North-eastern Victoria in the 1870s
“ We are assured by the police that the Kelly’s, Quinns, Wrights, Baumgartens and numbers of others who pollute the surrounding country have long been known to them as the most villanous nest in the colony”
- The Age, November 2, 1878
Some of the small towns in the north-east of Victoria, such as Greta and Mansfield, had only existed a mere twenty years before the infamous Kelly Gang outbreak in 1878. Despite being relatively young and small in population, the communities in the district had established a strong sheep and cattle farming industry since the decline of gold mining in the 1860s.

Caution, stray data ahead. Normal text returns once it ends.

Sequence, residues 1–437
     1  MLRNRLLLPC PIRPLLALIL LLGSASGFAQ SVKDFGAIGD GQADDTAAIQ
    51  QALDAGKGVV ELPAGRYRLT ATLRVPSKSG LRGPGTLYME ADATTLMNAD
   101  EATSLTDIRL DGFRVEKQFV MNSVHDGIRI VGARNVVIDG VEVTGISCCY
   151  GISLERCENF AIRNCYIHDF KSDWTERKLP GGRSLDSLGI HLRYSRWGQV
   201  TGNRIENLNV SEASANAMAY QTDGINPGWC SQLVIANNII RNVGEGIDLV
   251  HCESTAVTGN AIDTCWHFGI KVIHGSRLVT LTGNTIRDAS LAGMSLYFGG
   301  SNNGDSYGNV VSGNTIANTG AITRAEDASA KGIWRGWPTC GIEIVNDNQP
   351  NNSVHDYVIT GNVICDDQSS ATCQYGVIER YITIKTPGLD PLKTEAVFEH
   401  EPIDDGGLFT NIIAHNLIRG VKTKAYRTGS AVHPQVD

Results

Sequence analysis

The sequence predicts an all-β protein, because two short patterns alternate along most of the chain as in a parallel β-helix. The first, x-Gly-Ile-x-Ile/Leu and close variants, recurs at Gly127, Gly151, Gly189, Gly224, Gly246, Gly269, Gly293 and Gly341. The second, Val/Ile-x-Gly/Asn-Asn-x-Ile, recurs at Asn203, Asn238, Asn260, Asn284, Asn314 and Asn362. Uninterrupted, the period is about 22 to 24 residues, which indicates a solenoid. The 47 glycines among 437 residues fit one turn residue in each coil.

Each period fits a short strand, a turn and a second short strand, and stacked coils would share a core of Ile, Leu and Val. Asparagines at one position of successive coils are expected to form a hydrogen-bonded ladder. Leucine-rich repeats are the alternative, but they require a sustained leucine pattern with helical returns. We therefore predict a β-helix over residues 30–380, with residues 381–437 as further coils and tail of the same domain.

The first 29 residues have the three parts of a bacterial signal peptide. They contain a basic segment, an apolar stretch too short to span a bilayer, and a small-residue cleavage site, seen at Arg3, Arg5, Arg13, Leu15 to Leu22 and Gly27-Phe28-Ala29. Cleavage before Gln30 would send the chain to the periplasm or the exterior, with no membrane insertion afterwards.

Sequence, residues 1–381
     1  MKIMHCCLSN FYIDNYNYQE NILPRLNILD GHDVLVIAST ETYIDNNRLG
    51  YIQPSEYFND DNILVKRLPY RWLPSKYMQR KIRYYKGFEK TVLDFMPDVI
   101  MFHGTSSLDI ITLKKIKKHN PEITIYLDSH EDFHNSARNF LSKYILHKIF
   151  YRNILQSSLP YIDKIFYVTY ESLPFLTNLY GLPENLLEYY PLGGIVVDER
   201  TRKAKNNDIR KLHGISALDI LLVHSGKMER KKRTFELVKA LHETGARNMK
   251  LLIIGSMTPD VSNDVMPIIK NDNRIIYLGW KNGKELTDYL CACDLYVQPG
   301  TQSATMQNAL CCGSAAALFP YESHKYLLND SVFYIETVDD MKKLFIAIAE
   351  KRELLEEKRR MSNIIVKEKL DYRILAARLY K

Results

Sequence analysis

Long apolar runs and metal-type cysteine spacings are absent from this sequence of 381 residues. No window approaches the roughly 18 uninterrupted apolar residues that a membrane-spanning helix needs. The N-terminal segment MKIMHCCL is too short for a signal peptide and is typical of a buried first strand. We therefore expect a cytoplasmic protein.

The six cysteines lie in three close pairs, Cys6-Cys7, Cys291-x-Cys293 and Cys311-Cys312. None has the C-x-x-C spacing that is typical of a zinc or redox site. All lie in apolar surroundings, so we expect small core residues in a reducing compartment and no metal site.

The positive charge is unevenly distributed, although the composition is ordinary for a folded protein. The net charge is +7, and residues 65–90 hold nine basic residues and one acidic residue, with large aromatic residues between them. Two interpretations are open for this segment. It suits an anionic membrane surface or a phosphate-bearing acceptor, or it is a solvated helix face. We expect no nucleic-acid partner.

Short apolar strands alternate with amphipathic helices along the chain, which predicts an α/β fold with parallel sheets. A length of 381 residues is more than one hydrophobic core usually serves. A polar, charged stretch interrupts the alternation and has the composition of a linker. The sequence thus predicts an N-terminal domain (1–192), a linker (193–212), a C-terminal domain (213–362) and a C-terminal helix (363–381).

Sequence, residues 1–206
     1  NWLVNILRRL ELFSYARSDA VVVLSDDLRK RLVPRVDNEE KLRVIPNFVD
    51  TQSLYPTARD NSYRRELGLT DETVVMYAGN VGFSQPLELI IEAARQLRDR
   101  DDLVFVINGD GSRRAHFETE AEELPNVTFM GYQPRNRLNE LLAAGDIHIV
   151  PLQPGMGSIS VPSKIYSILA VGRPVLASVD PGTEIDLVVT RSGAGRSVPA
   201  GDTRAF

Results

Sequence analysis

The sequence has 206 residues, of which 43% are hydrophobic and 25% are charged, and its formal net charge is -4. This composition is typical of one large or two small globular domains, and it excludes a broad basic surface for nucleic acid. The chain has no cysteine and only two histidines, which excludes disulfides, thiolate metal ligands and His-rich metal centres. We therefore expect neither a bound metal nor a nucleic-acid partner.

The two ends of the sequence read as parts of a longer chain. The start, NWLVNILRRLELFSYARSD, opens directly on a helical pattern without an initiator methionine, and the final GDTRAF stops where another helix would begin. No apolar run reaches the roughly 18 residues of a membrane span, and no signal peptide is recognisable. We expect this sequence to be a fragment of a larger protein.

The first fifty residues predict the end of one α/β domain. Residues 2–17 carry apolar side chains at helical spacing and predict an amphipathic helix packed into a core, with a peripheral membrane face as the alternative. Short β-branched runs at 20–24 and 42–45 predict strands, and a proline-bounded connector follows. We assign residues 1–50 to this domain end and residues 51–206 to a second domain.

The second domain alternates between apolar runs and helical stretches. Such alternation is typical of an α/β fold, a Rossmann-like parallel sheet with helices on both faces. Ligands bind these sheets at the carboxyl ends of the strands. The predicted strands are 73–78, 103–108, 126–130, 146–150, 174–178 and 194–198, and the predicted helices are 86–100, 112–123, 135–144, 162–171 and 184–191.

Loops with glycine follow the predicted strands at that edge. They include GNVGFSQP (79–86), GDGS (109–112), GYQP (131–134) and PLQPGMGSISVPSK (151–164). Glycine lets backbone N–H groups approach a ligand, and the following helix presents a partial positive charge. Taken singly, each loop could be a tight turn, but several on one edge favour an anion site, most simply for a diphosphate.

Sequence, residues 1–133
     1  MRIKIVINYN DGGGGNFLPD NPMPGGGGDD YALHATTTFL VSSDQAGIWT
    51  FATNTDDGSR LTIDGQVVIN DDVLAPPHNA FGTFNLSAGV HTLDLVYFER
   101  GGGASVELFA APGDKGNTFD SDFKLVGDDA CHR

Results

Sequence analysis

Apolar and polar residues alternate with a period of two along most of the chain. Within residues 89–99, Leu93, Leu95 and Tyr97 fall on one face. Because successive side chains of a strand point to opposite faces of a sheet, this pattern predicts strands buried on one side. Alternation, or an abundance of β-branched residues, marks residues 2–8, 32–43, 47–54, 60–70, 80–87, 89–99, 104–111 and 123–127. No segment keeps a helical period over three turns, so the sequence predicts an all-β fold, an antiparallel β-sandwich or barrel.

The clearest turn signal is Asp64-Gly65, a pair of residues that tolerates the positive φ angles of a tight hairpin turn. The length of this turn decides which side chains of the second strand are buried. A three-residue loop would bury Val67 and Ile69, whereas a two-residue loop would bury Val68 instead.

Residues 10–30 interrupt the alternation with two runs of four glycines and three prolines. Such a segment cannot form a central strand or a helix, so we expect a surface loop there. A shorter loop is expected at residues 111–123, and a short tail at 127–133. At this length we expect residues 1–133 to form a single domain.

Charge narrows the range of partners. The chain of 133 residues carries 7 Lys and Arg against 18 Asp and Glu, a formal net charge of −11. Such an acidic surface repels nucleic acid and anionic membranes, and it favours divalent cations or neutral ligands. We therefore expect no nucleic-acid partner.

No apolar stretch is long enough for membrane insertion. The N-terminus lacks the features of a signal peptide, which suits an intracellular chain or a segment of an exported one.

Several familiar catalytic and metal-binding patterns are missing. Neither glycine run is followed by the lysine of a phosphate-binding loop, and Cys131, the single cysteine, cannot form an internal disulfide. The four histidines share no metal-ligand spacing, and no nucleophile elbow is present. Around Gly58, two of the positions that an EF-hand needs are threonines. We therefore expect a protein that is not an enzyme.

In many of the towns in the North-Eastern District there could be as few as one or two officers to a station. Local police were generally under-resourced and struggled when crime in the area escalated as it did in 1878. The majority of police in Victoria in the 1800s were Irish immigrants. Therefore, very few stationed in the north-east had the skills to effectively work in the remote and rugged landscape surrounding their local district. In contrast, criminals, who had often grown up in the area, used the inhospitable environment to their advantage: using it as a hiding place and to smuggle stolen cattle across the New South Wales border.
The major crime in the north-east in the 1860s and 70s was horse stealing and cattle duffing (changing the brands on stolen cattle). In places such as Greta, reports of thefts occurred almost weekly. The Kelly family were by no means the only family involved in this crime: numerous other people appear in the police Watch-house books charged with related offences.